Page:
By Bill Caswell
Special to Ontario Construction News
While engineers, scientists, and entrepreneurs leap enthusiastically into paths of new discovery and exploration, those paths are littered with the bodies of wise, capable, innovative, and ambitious individuals. That is, it is well established that blazing a path across uncharted territory, that is, progress, is not without its hazards.
The old path
A recent book about entropy and the laws of thermodynamics1 reminded me tragically of an old discovery path strewn with wounded prospectors. These scientists and engineers who, 150 years ago, laid out directions, investigated and resolved new conundrums, suffered not only from ignominy, but resistance from peers at almost every turn including having their knowledge-laden papers rejected by the leading scientific journals of their time. Many important contributors remain unknown today.
While among these past pioneers, Carnot, Helmholtz, and Joule have received recognition in our time2, their own times were strewn with doubt, lack of acknowledgement, and downright hostility for presenting their new ideas. Carnot ended his life at age 36, in an insane asylum.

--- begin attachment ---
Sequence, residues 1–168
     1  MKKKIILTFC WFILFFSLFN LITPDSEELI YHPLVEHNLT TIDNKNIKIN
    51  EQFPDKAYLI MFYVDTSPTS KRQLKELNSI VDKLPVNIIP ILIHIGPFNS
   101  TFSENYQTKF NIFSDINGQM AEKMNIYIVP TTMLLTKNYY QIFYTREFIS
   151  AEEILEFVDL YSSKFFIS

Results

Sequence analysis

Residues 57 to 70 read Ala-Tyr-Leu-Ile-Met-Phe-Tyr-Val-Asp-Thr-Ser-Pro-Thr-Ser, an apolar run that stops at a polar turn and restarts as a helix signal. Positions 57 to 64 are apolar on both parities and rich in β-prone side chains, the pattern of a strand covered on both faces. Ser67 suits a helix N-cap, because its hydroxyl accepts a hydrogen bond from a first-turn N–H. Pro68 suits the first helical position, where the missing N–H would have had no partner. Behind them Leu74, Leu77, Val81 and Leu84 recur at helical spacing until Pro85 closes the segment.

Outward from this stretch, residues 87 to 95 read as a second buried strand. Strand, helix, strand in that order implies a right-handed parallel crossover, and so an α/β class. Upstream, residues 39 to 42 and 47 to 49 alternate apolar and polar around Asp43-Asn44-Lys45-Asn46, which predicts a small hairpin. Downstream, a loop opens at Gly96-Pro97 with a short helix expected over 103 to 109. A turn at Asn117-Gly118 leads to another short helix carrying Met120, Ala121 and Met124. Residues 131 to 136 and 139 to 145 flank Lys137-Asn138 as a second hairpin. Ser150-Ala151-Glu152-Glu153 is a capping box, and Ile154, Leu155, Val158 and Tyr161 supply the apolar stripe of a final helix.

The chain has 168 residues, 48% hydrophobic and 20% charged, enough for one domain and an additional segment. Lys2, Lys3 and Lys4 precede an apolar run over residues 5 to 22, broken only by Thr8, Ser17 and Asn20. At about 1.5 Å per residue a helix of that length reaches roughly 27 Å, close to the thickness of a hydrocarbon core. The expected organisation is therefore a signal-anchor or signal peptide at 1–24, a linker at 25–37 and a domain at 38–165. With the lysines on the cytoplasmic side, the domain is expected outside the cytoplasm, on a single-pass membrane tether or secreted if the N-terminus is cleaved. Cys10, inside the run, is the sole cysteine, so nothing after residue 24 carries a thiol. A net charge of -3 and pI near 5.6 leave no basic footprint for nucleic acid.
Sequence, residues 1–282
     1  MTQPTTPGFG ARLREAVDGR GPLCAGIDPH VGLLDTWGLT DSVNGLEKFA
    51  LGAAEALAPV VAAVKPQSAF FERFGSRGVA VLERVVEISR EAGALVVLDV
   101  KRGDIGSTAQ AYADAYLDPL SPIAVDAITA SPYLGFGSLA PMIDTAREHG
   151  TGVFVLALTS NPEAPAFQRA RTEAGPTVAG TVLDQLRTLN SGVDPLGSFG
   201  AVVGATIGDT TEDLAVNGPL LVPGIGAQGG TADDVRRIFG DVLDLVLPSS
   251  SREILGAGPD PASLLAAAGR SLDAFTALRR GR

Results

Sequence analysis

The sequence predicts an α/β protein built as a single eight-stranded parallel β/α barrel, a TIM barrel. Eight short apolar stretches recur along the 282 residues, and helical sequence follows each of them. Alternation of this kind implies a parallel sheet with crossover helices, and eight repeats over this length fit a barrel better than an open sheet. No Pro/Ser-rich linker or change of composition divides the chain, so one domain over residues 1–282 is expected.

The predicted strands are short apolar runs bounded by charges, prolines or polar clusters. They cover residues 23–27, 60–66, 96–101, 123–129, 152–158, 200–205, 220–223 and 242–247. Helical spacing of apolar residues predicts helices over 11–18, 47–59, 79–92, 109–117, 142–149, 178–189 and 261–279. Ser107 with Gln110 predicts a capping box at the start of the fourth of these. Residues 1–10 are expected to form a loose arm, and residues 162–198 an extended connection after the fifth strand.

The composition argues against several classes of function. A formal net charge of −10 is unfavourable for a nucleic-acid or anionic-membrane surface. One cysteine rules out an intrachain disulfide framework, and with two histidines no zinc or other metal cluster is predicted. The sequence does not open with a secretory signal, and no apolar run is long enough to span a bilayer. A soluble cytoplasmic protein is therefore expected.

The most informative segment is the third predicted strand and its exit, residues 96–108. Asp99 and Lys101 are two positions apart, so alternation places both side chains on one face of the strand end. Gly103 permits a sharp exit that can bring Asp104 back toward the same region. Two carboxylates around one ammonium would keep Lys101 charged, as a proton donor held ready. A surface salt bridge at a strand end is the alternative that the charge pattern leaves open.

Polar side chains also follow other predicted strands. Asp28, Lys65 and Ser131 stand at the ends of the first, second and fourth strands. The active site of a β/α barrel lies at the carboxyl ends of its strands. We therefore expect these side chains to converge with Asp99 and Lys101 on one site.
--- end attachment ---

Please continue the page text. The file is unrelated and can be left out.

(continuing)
Does Rudolf Clausius receive recognition today for ascertaining that heat is a form of energy which can be converted into other forms of energy? This led to the second law of thermodynamics and therefore, the invention of fridges and jet engines.
Although Emmy Noether’s theory of invariants proved, among other things, why the first law of thermodynamics must be true, she had to work without pay as a scientist because she was a woman.
Ludwig Boltzmann who was vilified for using statistical analysis to explain scientific phenomenon, committed suicide in 1906. Albert Einstein who drew on Boltzmann’s mathematics to explain relativity, wrote that “Boltzmann is magnificent.”
Boltzmann reasoned in 1895 that the universe must have originated in a single moment of creation. One year before his death, Boltzmann was vindicated (by the results of others) for his earlier postulates that there must be atoms and molecules in gases.
Who among us knows the name, Claude Shannon? He is the man who, more than a hundred years ago, invented the ‘flow of information’ through 1’s and 0’s, (the base of all computing).
My old path
In 1970 while employed with an Ottawa-based opto-electronics firm, I and a fellow engineer were asked to assess a start-up company in Franktown Ontario, not far from Ottawa that was making two new products called a digital calculator and a digital multimeter (replacing the old analog technology that sported a pointer on a screen).
We gave this digital breakthrough a thumbs up so our company invested and away we went – that is, until Texas Instruments decided that digital calculators were the path of the future and quashed our little enterprise with prices half of ours and a zillion variations on the theme. Ouch! That arrow hurt.